The Nintendo 64 console, with a cartridge partially visible inserted inside of it.
Paper Mario inserted in a Nintendo 64

Intelligent Systems was founded after Tohru Narihiro[f] was hired as an employee by Nintendo to port games on the Famicom Disk System to cartridges in the 1980s. Narihiro went on to develop successful games in the Wars and Fire Emblem series, which allowed him to expand his company with additional artists and developers.[52]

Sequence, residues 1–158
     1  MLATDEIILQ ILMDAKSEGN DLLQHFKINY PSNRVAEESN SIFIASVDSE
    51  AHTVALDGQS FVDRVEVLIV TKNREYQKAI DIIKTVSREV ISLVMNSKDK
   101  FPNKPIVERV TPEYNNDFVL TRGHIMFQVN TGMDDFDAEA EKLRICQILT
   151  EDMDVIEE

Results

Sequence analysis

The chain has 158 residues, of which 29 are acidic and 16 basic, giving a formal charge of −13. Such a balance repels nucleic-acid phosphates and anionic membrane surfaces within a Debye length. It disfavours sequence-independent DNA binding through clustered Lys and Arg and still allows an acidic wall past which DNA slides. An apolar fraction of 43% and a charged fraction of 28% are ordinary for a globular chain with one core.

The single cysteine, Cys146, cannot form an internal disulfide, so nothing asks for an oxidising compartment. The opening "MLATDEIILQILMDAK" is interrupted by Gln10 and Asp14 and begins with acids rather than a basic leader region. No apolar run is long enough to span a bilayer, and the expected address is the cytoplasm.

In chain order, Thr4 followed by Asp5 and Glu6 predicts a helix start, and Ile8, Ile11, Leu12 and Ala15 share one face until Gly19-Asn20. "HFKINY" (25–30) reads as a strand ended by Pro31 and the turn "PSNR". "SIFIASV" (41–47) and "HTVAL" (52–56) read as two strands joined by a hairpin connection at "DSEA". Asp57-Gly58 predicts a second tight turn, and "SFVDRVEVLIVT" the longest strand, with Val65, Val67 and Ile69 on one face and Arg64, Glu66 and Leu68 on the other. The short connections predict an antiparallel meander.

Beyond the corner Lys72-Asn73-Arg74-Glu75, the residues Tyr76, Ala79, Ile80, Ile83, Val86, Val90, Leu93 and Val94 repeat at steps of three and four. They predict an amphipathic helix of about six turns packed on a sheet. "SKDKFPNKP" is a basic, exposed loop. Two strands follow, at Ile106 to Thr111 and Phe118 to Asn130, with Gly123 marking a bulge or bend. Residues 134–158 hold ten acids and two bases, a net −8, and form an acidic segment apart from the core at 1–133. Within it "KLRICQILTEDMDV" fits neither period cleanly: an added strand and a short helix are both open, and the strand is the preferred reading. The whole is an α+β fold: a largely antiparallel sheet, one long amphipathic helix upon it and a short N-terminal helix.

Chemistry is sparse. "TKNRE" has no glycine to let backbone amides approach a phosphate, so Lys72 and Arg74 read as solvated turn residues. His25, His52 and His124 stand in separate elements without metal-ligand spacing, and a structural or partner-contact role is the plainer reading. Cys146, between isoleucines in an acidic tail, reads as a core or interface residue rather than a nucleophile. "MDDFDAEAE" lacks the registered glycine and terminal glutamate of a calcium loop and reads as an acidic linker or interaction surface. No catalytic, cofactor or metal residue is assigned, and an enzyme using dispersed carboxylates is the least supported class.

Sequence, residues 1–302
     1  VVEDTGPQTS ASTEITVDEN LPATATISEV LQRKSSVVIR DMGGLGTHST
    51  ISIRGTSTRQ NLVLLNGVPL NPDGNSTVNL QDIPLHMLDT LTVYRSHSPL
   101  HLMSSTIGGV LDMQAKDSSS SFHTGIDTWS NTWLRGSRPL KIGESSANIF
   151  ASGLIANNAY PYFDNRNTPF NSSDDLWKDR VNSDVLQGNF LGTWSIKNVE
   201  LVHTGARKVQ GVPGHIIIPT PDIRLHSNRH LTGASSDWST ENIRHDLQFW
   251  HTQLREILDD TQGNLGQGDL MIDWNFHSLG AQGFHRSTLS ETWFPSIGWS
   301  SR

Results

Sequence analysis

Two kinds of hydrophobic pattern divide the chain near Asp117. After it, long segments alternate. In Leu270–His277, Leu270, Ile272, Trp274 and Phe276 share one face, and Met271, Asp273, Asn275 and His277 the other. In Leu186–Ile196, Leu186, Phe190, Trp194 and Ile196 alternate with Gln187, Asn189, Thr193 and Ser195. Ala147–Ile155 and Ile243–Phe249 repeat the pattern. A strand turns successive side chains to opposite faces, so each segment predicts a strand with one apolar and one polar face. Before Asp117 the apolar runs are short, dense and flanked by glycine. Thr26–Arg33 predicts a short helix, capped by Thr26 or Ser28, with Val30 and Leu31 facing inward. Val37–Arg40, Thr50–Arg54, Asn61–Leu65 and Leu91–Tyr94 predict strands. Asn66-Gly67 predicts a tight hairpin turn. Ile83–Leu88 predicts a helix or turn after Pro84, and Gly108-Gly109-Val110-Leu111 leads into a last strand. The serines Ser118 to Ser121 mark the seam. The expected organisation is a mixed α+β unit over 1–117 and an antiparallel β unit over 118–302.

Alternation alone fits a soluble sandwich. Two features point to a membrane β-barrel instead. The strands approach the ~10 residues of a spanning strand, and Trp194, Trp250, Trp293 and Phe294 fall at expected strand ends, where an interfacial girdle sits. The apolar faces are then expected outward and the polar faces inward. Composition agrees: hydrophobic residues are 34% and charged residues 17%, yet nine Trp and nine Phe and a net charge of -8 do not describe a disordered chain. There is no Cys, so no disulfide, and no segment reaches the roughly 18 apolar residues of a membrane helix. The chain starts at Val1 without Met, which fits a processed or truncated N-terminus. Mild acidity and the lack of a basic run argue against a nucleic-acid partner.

Super Mario RPG, which was released on the Super Nintendo Entertainment System (SNES), was the first Mario role-playing game and was developed by Square. Square used experimental gameplay mechanics, such as timed button presses to deal more damage in combat, to try to ease fans into finding interest in the genre.[53] Although Nintendo wanted Square to create another RPG game, Square later signed a deal with Sony Interactive Entertainment to create Final Fantasy VII on the original PlayStation. Instead, Nintendo hired Intelligent Systems to create an RPG for their newest console, the Nintendo 64.[20] Game development began shortly after the console's release in Japan in 1996. The game, produced by Shigeru Miyamoto, was originally planned to be a sequel to Super Mario RPG, Super Mario RPG 2, used a similar graphics style to its predecessor, and was to be released on the 64DD, a disk drive add-on for the Nintendo 64.[20] Naohiko Aoyama, the game's art designer,[20] later switched the graphics to a paper-like style because he believed players might prefer a game with "cute" 2D character designs instead of one with low-polygon 3D graphics. Development took four years and was released in August 2000 towards the end of the console's lifecycle with the Nintendo GameCube nearing announcement. The game was titled Mario Story in Japan and Paper Mario in North America.[52]